This is an article I had on CD....I don't know the source or author but it's a great essay
Most owner's manuals say it isn't necessary. Yeah, right. That's why transmission shops are making a fortune replacing burned out automatic transmissions.
For optimum protection, change the fluid and filter every 30,000 miles (unless you have a new vehicle that is filled with Dexron III ATF ( Auto Transmission Fluid ) which is supposed to be good for 100,000
WHY ATF WEARS OUT
An automatic transmission creates a lot of internal heat through friction: the friction of the fluid churning inside the torque converter, friction created when the clutch plates engage, and the normal friction created by gears and bearings carrying their loads.
It doesn't take long for the automatic transmission fluid (ATF) to heat up once the vehicle is in motion. Normal driving will raise fluid temperatures to 175 degrees F., which is the usual temperature range at which most fluids are designed to operate. If fluid temperatures can be held to 175 degrees F., ATF will last almost indefinitely, say up to 100,000 miles. But if the fluid temperature goes much higher, the life of the fluid begins to plummet. The problem is even normal driving can push fluid temperatures well
beyond safe limits. And once that happens, the trouble begins.
At elevated operating temperatures, ATF oxidizes, turns brown and takes on a smell like burnt toast. As heat destroys the fluid's lubricating qualities and friction characteristics, varnish begins to form on internal parts (such as the valve body) which interferes with the operation of the transmission. If the temperature gets above 250 degrees F., rubber seals begin to harden, which leads to leaks and pressure losses. At higher temperatures the transmission begins to slip, which only aggravates overheating even more. Eventually the clutches burn out and the transmission calls it quits. The only way to repair the damage now is with an overhaul -- a job which can easily run upwards of RM5000 on a late model front-wheel drive car or minivan.
As a rule of thumb, every 20 degree increase in operating temperature above 175 degrees F. cuts the life of the fluid in half!
At 195 degrees F., for instance, fluid life is reduced to 50,000 miles. At 220 degrees, which is commonly encountered in many transmissions, the fluid is only good for about 25,000 miles. At 240 degrees F., the fluid won't go much over 10,000 miles. Add another 20 degrees, and life expectancy drops to 5,000 miles. Go to 295 or 300 degrees F., and 1,000 to 1,500 miles is about all you'll get before the transmission burns up.
If you think this is propaganda put forth by the suppliers of ATF to sell more fluid, think again. According to the Automatic Transmission Rebuilders Association, 90% of ALL transmission failures are
caused by overheating. And most of these can be blamed on worn out fluid that should have been replaced.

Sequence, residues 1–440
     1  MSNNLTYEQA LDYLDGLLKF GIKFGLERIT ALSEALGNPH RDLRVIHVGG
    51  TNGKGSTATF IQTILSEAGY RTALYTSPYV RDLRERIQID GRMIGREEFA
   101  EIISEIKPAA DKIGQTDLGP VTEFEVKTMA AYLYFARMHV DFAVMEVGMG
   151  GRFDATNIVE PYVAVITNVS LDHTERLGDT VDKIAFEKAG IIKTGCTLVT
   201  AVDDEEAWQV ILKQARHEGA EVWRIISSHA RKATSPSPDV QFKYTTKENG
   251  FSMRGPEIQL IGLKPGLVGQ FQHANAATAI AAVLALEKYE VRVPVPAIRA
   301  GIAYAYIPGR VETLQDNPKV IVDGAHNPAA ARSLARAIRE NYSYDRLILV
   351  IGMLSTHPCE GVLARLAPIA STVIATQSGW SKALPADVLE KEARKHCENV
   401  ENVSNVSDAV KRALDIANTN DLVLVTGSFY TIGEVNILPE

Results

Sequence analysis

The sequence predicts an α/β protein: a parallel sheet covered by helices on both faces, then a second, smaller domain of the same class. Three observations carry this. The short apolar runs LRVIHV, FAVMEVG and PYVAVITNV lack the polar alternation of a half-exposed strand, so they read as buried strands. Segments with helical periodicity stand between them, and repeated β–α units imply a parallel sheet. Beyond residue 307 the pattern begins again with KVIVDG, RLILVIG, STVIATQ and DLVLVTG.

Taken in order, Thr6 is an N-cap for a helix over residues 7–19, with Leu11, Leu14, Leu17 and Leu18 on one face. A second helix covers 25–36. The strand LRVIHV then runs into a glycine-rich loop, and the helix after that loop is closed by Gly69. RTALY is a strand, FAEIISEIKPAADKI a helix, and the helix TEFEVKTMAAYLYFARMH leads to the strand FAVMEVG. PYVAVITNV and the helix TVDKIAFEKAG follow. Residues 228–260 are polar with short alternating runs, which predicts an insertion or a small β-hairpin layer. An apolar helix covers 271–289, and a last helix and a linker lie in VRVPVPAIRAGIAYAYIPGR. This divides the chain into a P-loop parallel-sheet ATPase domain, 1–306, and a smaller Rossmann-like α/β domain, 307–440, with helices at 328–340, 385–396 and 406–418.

On most vehicles, the automatic transmission fluid is cooled by a small heat exchanger inside the bottom or end tank of the radiator. Hot ATF from the transmission circulates through a short loop of pipe and is thus "cooled." Cooling is a relative term here, however, because the radiator itself may be running at anywhere from 180 to 220 degrees F.!
Tests have shown that the typical original equipment oil cooler is marginal at best. ATF that enters the radiator cooler at 300 degrees F. leaves at 240 to 270 degrees F., which is only a 10 to 20% drop in
temperature, and is nowhere good enough for extended fluid life.
Any number of things can push ATF temperatures beyond the system'sability to maintain safe limits: towing a trailer, mountain driving, driving at sustained high speeds during hot weather, stop-and-go
driving in city traffic, "rocking" an automatic transmission from drive to reverse to free a tire from mud or snow, etc. Problems in the cooling system itself such as a low coolant level, a defective cooling fan,
fan clutch, thermostat or water pump, an obstructed radiator, etc., will also diminish ATF cooling efficiency. In some cases, transmission overheating can even lead to engine coolant overheating! That's
why there's a good demand for auxiliary add-on transmission coolers.
An auxiliary transmission fluid cooler is easy to install and can substantially lower fluid operating temperatures. The plate/fin type cooler is somewhat more efficient than the tube and fin design, but
either can lower fluid temperatures anywhere from 80 to 140 degrees when installed in series with the stock unit. Typical cooling efficiencies run in the 35 to 50% range.
ATF FLUID TYPES
What kind of automatic transmission fluid should you use in your transmission? The type specified in your owner's manual or printed on the transmission dipstick.
CAUTION: Using the wrong type of fluid can affect the way the transmission shifts and feels. For eaxample, using Type F fluid in an application that calls for Dexron II may make the transmission shift too harshly. Using Dexron II in a transmission that requires Type F may allow the transmission to slip under heavy load, which can and probably will accelerate clutch wear.
CAUTION: Do not overfill the transmission. Too much fluid can cause the fluid to foam, which in turn can lead to erratic shifting, oil starvation and transmission damage. Too much fluid may also force ATF to leak past the transmission seals.